The semiconductor structures were also tested to determine the leakage current through the hafnium oxide layers of the structures and to determine the hysteresis and flatband voltage of the structures. Three samples were taken of each substrate. The results of the tests are set forth in Tables 1 and 2:

TABLE 1
Sample La (at. Leakage Current
No. %) (A/cm−2)
1 0 5.00E−03
2 0 6.00E−03
3 0 5.00E−03
4 10 1.00E−03
5 10 1.00E−03
6 10 6.00E−04
7 20 8.00E−05
8 20 2.00E−04
9 20 8.00E−05
10 33 4.00E−06
11 33 9.00E−06
12 33 8.00E−06

TABLE 2
Sample Hysteresis
No. La (at. %) (mV) CET (A) Vfb (V)
1 0 29 15.3 0.59
2 0 31 15.3 0.569
3 0 27 16 0.587
4 10 14 15.5 0.523
5 10 19 15.6 0.478
6 10 15 15.4 0.485
7 20 7 15.9 0.467
8 20 7 15.3 0.462
9 20 3 16.4 0.442
10 33 0 16.3 0.427
11 33 4 15.4 0.421
12 33 5 15.7 0.389

The above results illustrate that, as the concentration of the LaOx dopant increased within the hafnium oxide layers, the leakage current through the hafnium oxide layers decreased. Further, as the concentration of the LaOx dopant increased within the hafnium oxide layers, hysteresis decreased, indicating fewer charge traps, with the capacitance equivalent thickness (CET) remaining substantially the same. The flatband voltage (Vfb) also decreased, indicating less negative fixed charge. Accordingly, presence of the LaOx dopant improved the electrical characteristics of the semiconductor structures.

Accordingly, semiconductor structures and methods for fabricating semiconductor structures utilizing LnOx-modified hafnium oxide layers in accordance with the present invention has been described. The inventions provide for semiconductor structures comprising a high k dielectric material, hafnium oxide, that exhibits increased crystallization onset temperatures and a stable amorphous phase. The semiconductor structures also may demonstrate lower leakage current and other improved electrical properties. While at least one exemplary embodiment has been presented in the foregoing detailed description of the invention, it should be appreciated that a vast number of variations exist. It should also be appreciated that the exemplary embodiment or exemplary embodiments are only examples, and are not intended to limit the scope, applicability, or configuration of the invention in any way. Rather, the foregoing detailed description will provide those skilled in the art with a convenient road map for implementing an exemplary embodiment of the invention, it being understood that various changes may be made in the function and arrangement of elements described in an exemplary embodiment without departing from the scope of the invention as set forth in the appended claims.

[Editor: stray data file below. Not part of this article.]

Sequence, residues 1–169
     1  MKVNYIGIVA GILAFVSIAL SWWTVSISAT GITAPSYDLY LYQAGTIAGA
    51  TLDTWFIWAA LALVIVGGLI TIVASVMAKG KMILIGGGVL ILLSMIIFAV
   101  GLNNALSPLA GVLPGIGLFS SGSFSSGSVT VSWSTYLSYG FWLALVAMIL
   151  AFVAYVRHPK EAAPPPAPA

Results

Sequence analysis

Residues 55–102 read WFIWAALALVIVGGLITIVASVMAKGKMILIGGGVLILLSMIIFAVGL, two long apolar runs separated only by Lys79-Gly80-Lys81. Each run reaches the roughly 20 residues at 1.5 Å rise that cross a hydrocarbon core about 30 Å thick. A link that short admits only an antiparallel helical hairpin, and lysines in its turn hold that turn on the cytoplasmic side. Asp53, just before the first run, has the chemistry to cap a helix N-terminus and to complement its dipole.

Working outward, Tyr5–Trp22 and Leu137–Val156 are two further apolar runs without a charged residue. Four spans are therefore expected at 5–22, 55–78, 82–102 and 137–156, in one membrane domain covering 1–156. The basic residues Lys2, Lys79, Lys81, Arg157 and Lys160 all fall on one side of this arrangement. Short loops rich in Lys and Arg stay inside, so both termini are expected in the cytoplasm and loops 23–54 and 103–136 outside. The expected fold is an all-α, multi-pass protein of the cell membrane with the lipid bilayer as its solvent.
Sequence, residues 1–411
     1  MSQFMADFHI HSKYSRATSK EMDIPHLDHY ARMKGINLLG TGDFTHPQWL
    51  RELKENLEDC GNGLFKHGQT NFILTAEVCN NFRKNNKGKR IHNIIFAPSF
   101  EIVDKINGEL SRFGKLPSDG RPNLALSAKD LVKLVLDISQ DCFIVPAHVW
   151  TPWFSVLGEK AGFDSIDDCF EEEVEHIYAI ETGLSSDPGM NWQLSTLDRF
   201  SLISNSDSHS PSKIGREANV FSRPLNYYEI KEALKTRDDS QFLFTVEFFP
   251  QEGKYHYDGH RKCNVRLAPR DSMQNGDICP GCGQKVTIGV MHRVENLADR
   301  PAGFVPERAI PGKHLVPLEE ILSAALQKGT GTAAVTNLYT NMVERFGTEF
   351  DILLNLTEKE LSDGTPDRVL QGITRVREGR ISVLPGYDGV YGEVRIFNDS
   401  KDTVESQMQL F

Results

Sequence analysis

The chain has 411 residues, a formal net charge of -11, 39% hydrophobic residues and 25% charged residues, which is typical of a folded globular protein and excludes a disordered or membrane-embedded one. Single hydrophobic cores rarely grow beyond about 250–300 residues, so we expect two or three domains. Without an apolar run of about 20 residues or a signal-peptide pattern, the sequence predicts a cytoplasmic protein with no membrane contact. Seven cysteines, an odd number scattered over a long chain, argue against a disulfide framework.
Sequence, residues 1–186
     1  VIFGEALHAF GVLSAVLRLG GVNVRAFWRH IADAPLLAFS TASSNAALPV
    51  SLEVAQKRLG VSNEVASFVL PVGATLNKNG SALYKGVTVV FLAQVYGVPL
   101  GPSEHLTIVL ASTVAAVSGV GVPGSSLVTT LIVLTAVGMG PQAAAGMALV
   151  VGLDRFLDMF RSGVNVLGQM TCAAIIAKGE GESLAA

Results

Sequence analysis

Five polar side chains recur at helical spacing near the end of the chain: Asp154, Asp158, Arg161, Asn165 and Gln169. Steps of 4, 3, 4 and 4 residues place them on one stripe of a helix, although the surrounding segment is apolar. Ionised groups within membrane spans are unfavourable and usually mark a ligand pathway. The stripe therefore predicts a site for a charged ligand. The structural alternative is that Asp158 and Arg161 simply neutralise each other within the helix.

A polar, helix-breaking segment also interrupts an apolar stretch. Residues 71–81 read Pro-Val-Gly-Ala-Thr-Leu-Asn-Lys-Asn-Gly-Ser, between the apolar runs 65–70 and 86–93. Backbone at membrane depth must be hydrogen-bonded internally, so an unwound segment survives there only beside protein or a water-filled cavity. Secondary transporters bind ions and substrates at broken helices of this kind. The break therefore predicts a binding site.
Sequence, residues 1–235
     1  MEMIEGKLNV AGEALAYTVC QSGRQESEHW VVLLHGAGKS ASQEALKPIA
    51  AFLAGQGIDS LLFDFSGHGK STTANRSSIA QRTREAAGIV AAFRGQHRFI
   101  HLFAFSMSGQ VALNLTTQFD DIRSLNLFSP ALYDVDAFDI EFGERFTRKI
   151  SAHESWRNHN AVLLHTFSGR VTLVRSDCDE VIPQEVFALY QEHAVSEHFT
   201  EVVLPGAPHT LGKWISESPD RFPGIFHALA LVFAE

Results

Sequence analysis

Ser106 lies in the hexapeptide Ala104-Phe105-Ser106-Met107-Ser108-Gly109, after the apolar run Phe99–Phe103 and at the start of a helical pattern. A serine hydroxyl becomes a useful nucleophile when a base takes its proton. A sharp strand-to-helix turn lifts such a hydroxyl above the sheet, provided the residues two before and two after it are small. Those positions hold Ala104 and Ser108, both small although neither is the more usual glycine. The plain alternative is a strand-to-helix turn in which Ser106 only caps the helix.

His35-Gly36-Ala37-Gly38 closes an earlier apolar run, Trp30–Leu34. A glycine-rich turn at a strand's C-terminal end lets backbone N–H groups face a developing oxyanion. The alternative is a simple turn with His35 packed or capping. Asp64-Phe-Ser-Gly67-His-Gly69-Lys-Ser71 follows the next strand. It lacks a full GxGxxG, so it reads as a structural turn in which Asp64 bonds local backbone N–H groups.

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Referenced by
Citing PatentFiling datePublication dateApplicantTitle
US7662693Sep 26, 2007Feb 16, 2010Micron Technology, Inc.Lanthanide dielectric with controlled interfaces
US7956426Jan 7, 2010Jun 7, 2011Micron Technology, Inc.Lanthanide dielectric with controlled interfaces
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Classifications
U.S. Classification257/405, 438/785, 257/E21.247
International ClassificationH01L21/469, H01L29/94
Cooperative ClassificationH01L21/28194, H01L21/3115, H01L29/513, C23C14/083, H01L29/517, C23C14/0026, H01L21/31645
European ClassificationH01L21/316B14, C23C14/00F1, C23C14/08H, H01L21/28E2C2D, H01L21/3115, H01L29/51M, H01L29/51B2
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Apr 19, 2005ASAssignment
Owner name: FREESCALE SEMICONDUCTOR, INC., TEXAS
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Jun 30, 2004ASAssignment
Owner name: FREESCALE SEMICONDUCTOR, INC., TEXAS
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Effective date: 20040628